Well done Guys!
Thar, Chamois and Red Stag, remain the primary and most desired of our trophies here in New Zealand and we are indeed fortunate in having all of these fine trophies close at hand.
Our main Red Stag area "High Peak", is right on the edge of the best Thar and Chamois areas to be found in the Southern Alps. With our extensive concessions on both Government controlled land and privately held "Run Country", we enjoy a unique position of being able to offer hunts for these species under any circumstances of weather or hunting method. It is an added bonus that we can go from a Stag hunt to a Thar / Chamois hunt in the space of a few moments.
A number of our 2001 hunters chose to hunt their Thar and Chamois on foot, in a Wild & Free situation, all were successful and some of the Thar proved to be excellent large specimens - congratulations chaps you have joined an exclusive band of hunters.
Others opted for the physically easier way and flew into the Southern Alps to seek their quarry. While not raising as much sweat and puffing as hard, they were no less excited by the adventure and had the added bonus of exploring the grandeur of New Zealand's Southern Alps from the air.
Speaking of adventure, how would have you liked to follow one of our lady clients as she pursued her Bull Thar down into a cavern in old avalanche debris? The bull was finally taken UNDERNEATH the avalanche and required her to wade across the stream flowing through the debris for photos and recovery.
As I have already said "High Peak" continues to be our main base of operation and the quality of the Red Stags and Wapiti continues to impress and improve each year - 2001 was no exception with many clients opting to take "Gold" medal stags. With over 4500 acres in the hunting area, "High Peak" provides a quality hunting experience on a wide variety of terrain - open grassland, scrub and thorn bush areas, plus extensive areas of native bush.
Fallow deer numbers are continuing to rise and some consideration to culling this species will be needed in the future. Whitetail are another species that we hope will be available in the next year or two as the small herd increases.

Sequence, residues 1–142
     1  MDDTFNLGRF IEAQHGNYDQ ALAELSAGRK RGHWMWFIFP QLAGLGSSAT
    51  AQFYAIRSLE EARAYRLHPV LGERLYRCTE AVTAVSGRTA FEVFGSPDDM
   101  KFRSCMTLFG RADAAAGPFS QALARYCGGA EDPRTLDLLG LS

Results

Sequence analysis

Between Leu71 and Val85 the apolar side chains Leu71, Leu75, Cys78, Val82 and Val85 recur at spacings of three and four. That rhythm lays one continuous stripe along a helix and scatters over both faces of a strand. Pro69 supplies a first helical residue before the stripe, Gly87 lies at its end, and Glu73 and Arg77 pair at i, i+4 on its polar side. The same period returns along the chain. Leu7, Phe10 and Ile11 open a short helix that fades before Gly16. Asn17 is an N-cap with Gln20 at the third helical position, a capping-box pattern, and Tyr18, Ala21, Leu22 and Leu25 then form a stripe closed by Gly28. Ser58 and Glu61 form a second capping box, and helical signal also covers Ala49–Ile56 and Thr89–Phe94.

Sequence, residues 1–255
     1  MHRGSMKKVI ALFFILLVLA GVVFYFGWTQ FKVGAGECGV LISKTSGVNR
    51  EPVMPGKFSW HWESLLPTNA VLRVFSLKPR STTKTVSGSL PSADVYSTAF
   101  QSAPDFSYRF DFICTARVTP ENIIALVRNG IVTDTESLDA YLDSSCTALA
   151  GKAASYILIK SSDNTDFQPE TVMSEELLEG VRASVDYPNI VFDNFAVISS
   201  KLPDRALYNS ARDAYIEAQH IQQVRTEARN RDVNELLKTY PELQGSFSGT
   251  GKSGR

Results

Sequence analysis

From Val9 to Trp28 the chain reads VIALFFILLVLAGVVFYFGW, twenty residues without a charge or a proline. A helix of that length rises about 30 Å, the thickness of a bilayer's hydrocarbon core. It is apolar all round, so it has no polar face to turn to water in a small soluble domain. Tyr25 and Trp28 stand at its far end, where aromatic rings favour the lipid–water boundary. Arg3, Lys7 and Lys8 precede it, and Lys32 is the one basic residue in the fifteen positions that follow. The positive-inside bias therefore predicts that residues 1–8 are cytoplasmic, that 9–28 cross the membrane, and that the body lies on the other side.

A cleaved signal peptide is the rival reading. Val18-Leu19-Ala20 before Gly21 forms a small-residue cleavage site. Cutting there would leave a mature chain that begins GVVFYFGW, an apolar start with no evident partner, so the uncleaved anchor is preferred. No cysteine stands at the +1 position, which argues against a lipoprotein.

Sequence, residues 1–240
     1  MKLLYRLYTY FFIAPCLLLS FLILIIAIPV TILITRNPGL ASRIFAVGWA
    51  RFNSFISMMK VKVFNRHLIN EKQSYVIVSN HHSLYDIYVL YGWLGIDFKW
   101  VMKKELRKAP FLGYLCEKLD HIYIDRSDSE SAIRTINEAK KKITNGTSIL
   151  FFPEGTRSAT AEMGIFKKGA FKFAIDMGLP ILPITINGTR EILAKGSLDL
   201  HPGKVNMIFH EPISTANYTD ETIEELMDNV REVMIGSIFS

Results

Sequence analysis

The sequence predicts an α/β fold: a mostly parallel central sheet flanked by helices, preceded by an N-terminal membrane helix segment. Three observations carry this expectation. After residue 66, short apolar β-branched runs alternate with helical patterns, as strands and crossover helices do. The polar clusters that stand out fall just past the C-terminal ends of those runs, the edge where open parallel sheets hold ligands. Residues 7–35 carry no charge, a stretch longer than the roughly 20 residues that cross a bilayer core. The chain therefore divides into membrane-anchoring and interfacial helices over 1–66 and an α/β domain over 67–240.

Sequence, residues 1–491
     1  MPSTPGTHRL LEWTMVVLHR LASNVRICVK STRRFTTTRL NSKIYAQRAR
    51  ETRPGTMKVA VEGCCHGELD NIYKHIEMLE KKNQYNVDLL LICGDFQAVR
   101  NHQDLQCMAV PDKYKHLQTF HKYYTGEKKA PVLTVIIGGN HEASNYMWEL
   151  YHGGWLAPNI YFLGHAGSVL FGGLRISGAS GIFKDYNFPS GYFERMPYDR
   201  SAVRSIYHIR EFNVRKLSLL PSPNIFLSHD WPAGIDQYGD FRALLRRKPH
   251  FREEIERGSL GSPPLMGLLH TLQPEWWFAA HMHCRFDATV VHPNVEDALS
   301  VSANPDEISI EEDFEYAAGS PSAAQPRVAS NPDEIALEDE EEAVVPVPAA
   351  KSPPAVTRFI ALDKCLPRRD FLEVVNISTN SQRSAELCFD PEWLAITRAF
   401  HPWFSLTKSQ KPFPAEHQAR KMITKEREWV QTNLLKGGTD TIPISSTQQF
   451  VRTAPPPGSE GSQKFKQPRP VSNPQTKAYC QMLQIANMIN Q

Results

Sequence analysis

The facilities available for duck hunting are another area that is under development at "High Peak" - the building of a 10 acre lake should provide habitat to attract and hold waterfowl, as well as provide hunting, in even the driest season. (2000/2001 has been the latest in a series of drought years in this part of New Zealand).
I had a short trip to New Caledonia this season, July 27 through August 8 - just two clients, plus Craig Boddington who came to do a story on the Rusa Stags. With a late Rut, conditions were not easy, however everyone took nice trophies and Craig left in awe of the numbers of deer! I await Craig's story and photos.
Just as an aside and I don't know if Craig will mention it in his story, but we sat for over an hour and heart-ached about two monster stags, that paraded in front of us at 500 yards! With possibly a 100 other deer spread between them and us, a closer approach was impossible over the open grassland. To Craig's credit he declined to take the shot.
The future for hunting in New Caledonia looks bright as each year larger and larger specimens of Rusa are taken. This is one of the few places left where there is a chance of taking the world's largest trophy of the species, in a free range uncontrolled situation. I look forward to many happy and successful returns!